27 Jan Seattle Children’s Orthotic Study for Children with Cerebral Palsy
Ambulatory children with cerebral palsy (CP) demonstrate altered lower limb biomechanical alignment in walking (e.g. excessive hip/knee flexion or equinus during stance) and experience walking activity limitations that negatively influence their ability to participate in day to day life. Ankle Foot Orthoses (AFO) are a fundamental rehabilitation strategy to facilitate walking in children with CP; yet, a review suggests that efficacy of the "traditional" solid AFO (TSAFO) in this population remains equivocal. A novel decision tree to guide orthotic prescription proposes a patient-specific method for adjusting AFO alignment and integrating footwear modifications (Ankle Foot Orthoses-Footwear Combinations, AFO-FC). This approach is based on visualizing the sagittal plane orientation of the ground reaction force vector with respect to lower limb segments during gait. The AFO-FC represents a paradigm shift in orthotic management as it accommodates ankle equinus contractures in a rigid AFO, reorients the tibial segment with a heel wedge under the AFO, and applies different heel, midsole and forefoot shoe modifications to restore lost ankle-foot rockers. The primary goal of AFO-FCs are to improve stability by facilitating more normal segment kinematics in single limb stance, decreasing hip/knee flexion. Despite their promise, evidence of an immediate positive effect on midstance alignment is limited, with no evidence of clinical effectiveness.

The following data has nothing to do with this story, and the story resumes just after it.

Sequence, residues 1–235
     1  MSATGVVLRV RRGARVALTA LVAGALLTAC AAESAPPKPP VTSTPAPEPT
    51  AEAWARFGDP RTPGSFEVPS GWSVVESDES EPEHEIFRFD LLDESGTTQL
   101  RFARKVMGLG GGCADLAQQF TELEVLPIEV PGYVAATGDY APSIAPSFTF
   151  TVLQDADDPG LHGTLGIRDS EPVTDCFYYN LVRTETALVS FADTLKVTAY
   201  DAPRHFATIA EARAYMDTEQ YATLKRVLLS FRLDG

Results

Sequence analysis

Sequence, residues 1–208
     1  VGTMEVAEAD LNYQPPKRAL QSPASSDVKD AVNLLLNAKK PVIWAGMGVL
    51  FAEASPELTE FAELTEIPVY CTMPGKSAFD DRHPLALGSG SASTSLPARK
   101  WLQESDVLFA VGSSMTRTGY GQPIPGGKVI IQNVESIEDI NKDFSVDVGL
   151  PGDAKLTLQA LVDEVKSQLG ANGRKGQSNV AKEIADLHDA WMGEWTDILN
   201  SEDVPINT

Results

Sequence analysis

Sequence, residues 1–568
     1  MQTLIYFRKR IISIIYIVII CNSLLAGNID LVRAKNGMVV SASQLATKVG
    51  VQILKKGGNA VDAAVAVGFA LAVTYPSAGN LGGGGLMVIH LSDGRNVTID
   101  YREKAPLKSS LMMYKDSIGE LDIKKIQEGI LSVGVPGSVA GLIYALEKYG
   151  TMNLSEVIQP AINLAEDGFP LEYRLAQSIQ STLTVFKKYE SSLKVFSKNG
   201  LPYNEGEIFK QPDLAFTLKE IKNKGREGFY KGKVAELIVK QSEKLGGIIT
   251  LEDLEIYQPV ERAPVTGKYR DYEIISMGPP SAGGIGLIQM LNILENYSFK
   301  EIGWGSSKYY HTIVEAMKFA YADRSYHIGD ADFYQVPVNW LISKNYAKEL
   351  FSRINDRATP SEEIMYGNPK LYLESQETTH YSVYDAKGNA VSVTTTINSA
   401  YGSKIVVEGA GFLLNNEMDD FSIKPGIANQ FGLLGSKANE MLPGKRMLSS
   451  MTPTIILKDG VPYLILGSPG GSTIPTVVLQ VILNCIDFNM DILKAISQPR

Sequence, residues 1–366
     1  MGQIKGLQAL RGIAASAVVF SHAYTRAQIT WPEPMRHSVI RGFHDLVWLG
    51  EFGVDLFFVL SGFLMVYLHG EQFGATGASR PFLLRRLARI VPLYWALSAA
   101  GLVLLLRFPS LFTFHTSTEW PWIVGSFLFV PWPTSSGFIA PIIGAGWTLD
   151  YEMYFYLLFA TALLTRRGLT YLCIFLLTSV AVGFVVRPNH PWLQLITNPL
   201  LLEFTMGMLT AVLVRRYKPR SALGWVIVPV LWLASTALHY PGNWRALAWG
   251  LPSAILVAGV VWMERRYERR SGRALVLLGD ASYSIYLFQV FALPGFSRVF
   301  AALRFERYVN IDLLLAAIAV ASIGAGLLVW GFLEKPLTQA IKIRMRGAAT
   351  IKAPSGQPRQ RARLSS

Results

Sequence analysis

This proposal assesses the feasibility of using a randomized waitlist study to acquire pilot data on a targeted clinical cohort of children with CP evaluating the effectiveness of AFO-FCs as compared to TSAFO during daily life. Individual joint and combined kinematics and kinetics will be examined for potential mechanisms of action as well as daily walking performance, balance and satisfaction with the AFO-FC in 30 ambulatory children with CP, ages 4-9 years, with bilateral crouch or equinus gait pattern, comparing gait in TSAFO to the AFO-FCs.
•Between 4 and 9 years old
•Have bilateral spastic cerebral palsy
•Walk with or without support as a primary means of mobility
Additional Study Details
Full Study Title
Biomechanics and Walking in Cerebral Palsy: Ankle Foot Orthoses – Footwear Combinations
Kristie Bjornson, PT, PhD, MS
Accepts Healthy Volunteers?
123 2nd Ave S #220
Edmonds, Washington 98020